Academic journal article Attention, Perception and Psychophysics

The Effects of Type of Interval, Sensory Modality, Base Duration, and Psychophysical Task on the Discrimination of Brief Time Intervals

Academic journal article Attention, Perception and Psychophysics

The Effects of Type of Interval, Sensory Modality, Base Duration, and Psychophysical Task on the Discrimination of Brief Time Intervals

Article excerpt

Published online: 6 March 2014

© Psychonomic Society, Inc. 2014

Abstract The present study was designed to investigate the influences of type of psychophysical task (two-alternative forced-choice [2AFC] and reminder tasks), type of interval (filled vs. empty), sensory modality (auditory vs. visual), and base duration (ranging from 100 through 1,000 ms) on performance on duration discrimination. All of these factors were systematically varied in an experiment comprising 192 participants. This approach allowed for obtaining information not only on the general (main) effect of each factor alone, but also on the functional interplay and mutual interactions of some or all of these factors combined. Temporal sensitivity was markedly higher for auditory than for visual intervals, as well as for the reminder relative to the 2AFC task. With regard to base duration, discrimination performance deteriorated with decreasing base durations for intervals below 400 ms, whereas longer intervals were not affected. No indication emerged that overall performance on duration discrimination was influenced by the type of interval, and only two significant interactions were apparent: Base Duration × Type of Interval and Base Duration × Sensory Modality. With filled intervals, the deteriorating effect of base duration was limited to very brief base durations, not exceeding 100 ms, whereas with empty intervals, temporal discriminability was also affected for the 200-ms base duration. Similarly, the performance decrement observed with visual relative to auditory intervals increased with decreasing base durations. These findings suggest that type of task, sensory modality, and base duration represent largely independent sources of variance for performance on duration discrimination that can be accounted for by distinct nontemporal mechanisms.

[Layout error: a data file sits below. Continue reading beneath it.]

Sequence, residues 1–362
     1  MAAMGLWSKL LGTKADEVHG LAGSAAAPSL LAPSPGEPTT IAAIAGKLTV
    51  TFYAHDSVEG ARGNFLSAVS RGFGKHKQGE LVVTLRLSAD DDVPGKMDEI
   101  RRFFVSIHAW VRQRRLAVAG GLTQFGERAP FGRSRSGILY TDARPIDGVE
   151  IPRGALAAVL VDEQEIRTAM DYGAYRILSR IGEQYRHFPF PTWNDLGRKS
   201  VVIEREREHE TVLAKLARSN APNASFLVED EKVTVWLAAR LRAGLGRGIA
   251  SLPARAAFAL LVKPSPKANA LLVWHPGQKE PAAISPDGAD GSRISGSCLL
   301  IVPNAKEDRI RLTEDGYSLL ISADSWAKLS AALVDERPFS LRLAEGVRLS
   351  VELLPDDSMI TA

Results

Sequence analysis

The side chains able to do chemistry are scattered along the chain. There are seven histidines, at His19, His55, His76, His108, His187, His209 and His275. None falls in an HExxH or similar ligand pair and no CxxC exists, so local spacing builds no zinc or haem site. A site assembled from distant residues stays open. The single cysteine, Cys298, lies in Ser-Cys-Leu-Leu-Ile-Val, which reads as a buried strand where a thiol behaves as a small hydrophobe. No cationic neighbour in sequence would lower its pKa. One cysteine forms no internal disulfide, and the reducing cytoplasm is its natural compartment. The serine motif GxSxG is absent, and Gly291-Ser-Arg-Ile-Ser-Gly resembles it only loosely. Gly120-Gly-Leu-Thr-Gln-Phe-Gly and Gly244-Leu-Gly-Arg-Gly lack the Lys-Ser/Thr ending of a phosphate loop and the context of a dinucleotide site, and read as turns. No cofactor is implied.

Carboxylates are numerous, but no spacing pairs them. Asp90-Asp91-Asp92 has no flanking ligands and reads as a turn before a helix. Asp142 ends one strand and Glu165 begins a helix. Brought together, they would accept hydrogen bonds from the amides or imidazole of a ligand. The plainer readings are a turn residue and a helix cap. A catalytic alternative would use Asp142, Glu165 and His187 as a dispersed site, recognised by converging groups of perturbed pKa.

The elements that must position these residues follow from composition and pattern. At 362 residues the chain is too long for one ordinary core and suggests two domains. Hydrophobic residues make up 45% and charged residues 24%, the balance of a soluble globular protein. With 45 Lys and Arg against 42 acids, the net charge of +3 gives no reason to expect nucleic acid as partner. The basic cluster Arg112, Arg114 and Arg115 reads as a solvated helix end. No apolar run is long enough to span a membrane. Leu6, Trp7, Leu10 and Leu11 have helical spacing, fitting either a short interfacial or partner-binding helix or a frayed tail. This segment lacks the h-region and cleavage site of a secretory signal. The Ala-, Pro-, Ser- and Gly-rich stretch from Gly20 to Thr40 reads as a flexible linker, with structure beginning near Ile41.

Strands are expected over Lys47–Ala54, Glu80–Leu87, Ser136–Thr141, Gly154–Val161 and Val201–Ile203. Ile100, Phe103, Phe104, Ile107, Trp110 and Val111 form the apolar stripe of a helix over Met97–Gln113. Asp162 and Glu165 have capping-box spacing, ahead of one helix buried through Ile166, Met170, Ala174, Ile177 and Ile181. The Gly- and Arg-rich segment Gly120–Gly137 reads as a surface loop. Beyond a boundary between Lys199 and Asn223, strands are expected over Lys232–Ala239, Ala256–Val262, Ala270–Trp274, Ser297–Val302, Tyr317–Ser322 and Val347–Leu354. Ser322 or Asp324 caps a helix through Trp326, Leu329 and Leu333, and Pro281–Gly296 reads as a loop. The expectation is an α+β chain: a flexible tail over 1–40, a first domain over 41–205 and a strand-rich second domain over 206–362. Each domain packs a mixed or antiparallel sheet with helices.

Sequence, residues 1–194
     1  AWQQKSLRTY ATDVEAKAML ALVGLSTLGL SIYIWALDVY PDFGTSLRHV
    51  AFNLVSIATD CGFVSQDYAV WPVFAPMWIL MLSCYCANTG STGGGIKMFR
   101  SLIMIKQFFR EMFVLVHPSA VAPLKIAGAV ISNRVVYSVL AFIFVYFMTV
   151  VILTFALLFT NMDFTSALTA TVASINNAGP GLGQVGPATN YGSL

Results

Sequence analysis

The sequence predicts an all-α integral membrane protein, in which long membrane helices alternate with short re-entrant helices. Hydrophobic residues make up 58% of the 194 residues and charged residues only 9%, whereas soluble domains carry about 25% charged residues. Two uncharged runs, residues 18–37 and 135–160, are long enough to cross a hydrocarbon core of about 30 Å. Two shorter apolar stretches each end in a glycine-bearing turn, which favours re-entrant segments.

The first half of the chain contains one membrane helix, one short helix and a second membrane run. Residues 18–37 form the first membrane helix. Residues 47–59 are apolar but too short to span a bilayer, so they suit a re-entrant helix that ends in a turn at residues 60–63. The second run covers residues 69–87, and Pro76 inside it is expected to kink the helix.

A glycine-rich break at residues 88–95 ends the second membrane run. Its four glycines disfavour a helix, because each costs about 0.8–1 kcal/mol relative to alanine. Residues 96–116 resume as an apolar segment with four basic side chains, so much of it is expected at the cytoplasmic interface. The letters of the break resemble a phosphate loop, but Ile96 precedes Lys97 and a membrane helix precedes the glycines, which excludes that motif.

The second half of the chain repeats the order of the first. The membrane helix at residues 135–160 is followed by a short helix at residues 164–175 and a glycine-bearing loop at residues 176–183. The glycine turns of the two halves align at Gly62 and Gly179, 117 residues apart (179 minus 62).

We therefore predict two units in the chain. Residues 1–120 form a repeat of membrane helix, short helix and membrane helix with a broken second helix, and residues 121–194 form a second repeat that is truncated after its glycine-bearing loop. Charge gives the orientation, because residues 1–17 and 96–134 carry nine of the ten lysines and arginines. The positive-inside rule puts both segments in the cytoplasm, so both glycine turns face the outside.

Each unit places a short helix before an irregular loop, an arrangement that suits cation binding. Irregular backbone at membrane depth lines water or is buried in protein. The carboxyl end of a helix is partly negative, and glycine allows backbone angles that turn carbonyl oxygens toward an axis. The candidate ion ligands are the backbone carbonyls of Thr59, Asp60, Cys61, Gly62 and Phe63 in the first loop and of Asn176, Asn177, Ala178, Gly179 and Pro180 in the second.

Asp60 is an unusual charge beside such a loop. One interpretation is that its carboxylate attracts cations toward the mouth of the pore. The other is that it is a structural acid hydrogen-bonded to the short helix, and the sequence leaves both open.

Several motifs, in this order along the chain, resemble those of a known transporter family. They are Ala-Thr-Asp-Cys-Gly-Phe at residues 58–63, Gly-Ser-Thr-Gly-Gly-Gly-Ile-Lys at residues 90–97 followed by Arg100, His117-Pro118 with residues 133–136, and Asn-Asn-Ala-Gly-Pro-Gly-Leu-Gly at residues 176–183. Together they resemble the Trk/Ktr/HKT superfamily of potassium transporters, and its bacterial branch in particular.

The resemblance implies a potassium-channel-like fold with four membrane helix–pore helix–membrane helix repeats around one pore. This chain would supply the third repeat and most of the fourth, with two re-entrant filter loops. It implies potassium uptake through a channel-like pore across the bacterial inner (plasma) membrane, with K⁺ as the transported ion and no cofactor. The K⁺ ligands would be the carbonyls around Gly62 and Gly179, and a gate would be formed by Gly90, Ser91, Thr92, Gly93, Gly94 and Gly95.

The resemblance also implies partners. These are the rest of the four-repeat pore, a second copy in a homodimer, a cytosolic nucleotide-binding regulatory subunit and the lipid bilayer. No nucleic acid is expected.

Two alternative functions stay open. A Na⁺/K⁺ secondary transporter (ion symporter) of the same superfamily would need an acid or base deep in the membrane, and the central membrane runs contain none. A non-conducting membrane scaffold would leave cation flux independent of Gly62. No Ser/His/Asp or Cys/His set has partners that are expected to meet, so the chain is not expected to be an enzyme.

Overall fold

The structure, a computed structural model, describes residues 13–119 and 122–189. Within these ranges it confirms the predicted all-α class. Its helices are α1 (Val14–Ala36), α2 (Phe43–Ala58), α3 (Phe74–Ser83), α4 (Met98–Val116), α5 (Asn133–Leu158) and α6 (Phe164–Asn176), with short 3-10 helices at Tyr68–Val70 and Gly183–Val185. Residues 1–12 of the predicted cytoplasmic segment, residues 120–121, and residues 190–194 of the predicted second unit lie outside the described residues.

Keywords Temporal processing . Filled and empty intervals . Sensorymodality . Psychophysical task

Psychophysical research on human performance on duration discrimination provides, at least to some extent, a puzzling picture of rather inconsistent results. In his comprehensive review on psychological time, Grondin (2001) suggested various structural aspects that effectively modulate estimates of timing performance as a possible cause for these ambiguous findings. The term "structural aspects" refers to the physical characteristics of an interval (see Grondin, 2001) and, thus, not only comprises the type of interval (filled vs. empty) but also aspects such as the sensory modality of the signals that mark the intervals to be compared (e.g., auditory vs. visual) and the base duration of the intervals. In this context, base duration denotes the (range of) standard durations used in a given timing study. In studies on duration discrimination, commonly employed base durations are on the order of tens to hundreds of milliseconds (see Grondin, 2010; Penney, 2003). An additional source of variance that may also account for conflicting findings in studies on duration discrimination represents the psychophysical task applied for investigating discrimination performance (see Lapid, Ulrich, & Rammsayer, 2008; Ulrich, 2010).

One major reason for the difficulties to arrive at unambiguous conclusions or, at least, to explain some of the apparently existing contradicting findings in psychophysical research on duration discrimination, represents the fact that structural aspects of the intervals to be compared differ greatly across studies, and even between experiments within a given study. In order to arrive at any definitive statement, the influence of these major structural aspects, as well as the potential influence of the psychophysical task applied, has to be taken into account. On the basis of these considerations, the present article represents a mainly empirical contribution with the objective of a concurrent, systematic assessment of the effects of the above-mentioned major structural aspects and of the psychophysical task on the discrimination of brief time intervals. …

Search by... Author
Show... All Results Primary Sources Peer-reviewed

Oops!

An unknown error has occurred. Please click the button below to reload the page. If the problem persists, please try again in a little while.